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The Music From The Game Of Thrones Finale Now Streaming On Spotify

“The Light Of The Seven” by Ramin Djawadi:

21 minutes. Thats exactly how long the opening segment in Kings Landing was during Episode 10 “The Winds of Winter.” Beginning with Cersei looking safely down on the Sept out of her window from the Red Keep, ending with Tommen jumping out of that same window as the Sept burned to the ground. In between we saw Varys’ Little Birds stab the shit out of Pycelle and Lancel. We saw Margery put the pieces of Cersei’s puzzle together while the High Sparrow was too arrogant to realize he had been duped. We saw Wild Fire devour half the cast and melt The Seven along with hundreds of people of Kings Landing. We saw Cersei deliver a fucking BAD ASS speech about how she likes to fuck her brother because it feels good. She likes to kill people because it feels good. Drinkin, smokin, straight West Coastin, as she sics Franken-Mountain on that Seaward Nun who tortured her. And as I mentioned, it all concludes with the “King” committing suicide.

It was the best 21 minutes in the history of Game of Thrones, and you could make the argument that it was one of the best 21 minute sequences in television history. And while it was mostly because of an intricate plot executed to perfection and a plot twist that only Game of Thrones has the balls to pull off (How many shows would have the guts to wipe out half the cast in one fell swoop…TWICE!), it was the manner in which it was shot and produced that upped the quality even higher. The music that was gently weaved into that opening segment was absolutely (Wild) FIRE. It was eradicate-your-enemies-with-a-mysterious-substance-created-by-the-Alchemist’s-Guild-called-Wild-Fire Flames. Within just a couple minutes that piano was as important as anything we were watching on screen. It was as important as the dialogue or action that unfolded. Particularly because it was so out of place. Game of Thrones really never relies on music like that. Sure, they have the deep ominous music play when Ramsay Bolton is on screen. They have the generic triumphant horns blare when Jon Snow saves the day. But its rare that a specific piece of music is woven into the fabric of a scene the way “The Light Of The Seven” was in that first 21 minutes. It felt very Leftovers-esque. Thats a show where the music is always important. Always on point. You take notice of the song playing during a montage or during an important conversation immediately. Thrones, not so much. Actually, basically never. Thats what made it so interesting. It was the first time I can really remember Game of Thrones relying on the score as much as they did, and it was a HOME RUN. You knew you were watching some important shit as that piano faded in and out.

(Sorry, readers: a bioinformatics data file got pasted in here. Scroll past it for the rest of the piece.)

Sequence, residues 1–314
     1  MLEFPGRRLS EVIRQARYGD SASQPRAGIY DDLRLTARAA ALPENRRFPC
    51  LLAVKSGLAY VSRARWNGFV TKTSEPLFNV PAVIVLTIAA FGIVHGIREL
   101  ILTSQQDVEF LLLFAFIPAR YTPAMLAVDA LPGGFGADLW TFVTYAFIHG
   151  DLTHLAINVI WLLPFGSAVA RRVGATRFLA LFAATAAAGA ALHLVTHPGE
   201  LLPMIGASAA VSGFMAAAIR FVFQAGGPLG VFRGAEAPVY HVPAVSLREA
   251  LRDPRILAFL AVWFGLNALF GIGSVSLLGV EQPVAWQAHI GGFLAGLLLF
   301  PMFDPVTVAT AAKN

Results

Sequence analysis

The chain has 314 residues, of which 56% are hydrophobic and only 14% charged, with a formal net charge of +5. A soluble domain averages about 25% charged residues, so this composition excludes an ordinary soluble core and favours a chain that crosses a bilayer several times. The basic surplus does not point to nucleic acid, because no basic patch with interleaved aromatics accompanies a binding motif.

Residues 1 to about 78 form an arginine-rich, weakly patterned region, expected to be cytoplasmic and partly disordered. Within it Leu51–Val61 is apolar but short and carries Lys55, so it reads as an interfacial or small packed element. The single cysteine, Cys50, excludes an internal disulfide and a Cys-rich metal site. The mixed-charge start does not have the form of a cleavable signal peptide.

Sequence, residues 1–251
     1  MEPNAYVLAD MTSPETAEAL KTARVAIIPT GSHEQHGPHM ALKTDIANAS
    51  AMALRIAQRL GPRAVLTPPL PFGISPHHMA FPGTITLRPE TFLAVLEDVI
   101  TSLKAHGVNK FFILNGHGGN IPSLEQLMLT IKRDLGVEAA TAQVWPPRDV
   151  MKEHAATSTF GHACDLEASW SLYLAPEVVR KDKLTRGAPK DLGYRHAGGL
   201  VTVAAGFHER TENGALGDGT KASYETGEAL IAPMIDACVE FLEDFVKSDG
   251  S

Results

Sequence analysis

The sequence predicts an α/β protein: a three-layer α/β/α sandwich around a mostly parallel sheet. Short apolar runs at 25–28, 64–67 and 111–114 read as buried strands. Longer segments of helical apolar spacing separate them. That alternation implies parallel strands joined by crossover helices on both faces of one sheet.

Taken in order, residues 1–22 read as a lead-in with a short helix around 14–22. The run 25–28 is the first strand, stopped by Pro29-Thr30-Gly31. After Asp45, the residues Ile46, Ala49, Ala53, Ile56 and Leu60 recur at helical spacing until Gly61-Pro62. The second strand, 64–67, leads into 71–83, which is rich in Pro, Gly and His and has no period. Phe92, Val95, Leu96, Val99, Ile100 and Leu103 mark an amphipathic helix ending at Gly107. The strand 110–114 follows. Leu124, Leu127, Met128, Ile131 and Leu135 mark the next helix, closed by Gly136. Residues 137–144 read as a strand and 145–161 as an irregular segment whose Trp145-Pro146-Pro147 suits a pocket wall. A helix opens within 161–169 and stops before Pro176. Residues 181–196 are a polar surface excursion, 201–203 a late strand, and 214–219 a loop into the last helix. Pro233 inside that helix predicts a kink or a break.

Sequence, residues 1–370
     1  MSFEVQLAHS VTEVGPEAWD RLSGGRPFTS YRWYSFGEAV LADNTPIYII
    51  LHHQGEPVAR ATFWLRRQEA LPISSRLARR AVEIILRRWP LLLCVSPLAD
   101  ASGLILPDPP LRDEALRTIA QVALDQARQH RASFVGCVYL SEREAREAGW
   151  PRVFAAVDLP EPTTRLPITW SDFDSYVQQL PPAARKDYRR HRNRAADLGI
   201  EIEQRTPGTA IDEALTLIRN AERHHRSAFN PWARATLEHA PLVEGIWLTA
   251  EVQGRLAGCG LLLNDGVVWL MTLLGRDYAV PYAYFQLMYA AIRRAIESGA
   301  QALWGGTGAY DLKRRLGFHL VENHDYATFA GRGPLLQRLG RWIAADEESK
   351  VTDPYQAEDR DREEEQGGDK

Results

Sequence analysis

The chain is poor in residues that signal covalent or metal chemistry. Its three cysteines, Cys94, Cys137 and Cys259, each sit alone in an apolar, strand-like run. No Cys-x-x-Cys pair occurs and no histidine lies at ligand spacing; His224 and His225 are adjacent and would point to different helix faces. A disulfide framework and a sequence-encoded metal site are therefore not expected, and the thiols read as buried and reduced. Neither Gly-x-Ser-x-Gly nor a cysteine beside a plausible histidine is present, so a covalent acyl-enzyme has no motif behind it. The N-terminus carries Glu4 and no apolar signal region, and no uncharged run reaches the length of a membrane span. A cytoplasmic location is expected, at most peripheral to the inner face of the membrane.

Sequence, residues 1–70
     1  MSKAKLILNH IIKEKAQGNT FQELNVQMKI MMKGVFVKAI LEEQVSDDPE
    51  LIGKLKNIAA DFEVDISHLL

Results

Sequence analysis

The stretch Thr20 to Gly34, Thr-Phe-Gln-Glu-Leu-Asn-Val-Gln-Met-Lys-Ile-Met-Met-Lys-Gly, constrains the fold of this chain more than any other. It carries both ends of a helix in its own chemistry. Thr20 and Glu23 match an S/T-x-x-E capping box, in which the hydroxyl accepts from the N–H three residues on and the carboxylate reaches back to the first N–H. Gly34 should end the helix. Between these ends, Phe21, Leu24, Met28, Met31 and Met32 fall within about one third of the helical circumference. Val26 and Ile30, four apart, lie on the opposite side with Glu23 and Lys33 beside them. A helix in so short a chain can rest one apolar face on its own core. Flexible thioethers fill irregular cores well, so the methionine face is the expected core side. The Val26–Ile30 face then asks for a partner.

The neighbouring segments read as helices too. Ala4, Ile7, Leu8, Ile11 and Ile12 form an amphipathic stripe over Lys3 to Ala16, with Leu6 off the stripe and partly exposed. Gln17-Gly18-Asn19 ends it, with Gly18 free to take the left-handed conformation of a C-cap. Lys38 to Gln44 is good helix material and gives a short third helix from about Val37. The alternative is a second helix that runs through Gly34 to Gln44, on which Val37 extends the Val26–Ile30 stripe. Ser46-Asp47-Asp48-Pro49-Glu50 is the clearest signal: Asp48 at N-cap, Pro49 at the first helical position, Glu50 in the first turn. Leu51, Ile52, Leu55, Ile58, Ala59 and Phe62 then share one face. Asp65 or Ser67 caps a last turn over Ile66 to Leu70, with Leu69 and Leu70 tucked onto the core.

The way it was shot, too. The way the shot transitioned from inside the Sept to the Red Keep to underground, all building towards that eruption gave it the feeling of something major about the go down. As Lancel Lannister crawled towards that candle I was practically screaming at my TV. If he made it to that candle in time and blew that candle out, I think I would have stopped watching Game Of Thrones. I think I would have stopped watching TV altogether. That would have been one of the worst teases I’ve ever watched if Cersei’s plot was foiled. And Thrones isn’t a show known for just giving the viewer what they want. I thought there was every chance that happened as Lancel took a deep breath to blow it out. And then KABOOOOOOOOM. George RR Martin and HBO finally gives you what you wanted. And in the ultimate twist (and the main reason I think they were OK giving the viewers some classic satisfaction), they had you rooting for Cersei. They did the impossible and turned Cersei into a sympathetic figure. Had you rooting for the bad guy. Ignoring the fact that she just ROASTED tons of innocent people. There wasnt a Thrones fan alive that wasnt rooting for that WildFire to blow up. Incredible job by the creators to flip the script like that.

It all added up to make 21 minutes of excellence. The music, the camerawork, the role reversals, and the pay off at the end – television excellence. Its a sequence you can watch over and over and over throughout the next 9 months while we wait for Season 7 to premiere. Its a sequence that took the Game of Thrones legacy to the next level. Its a sequence that cemented this show’s place in the “Best TV Show of all time?” argument.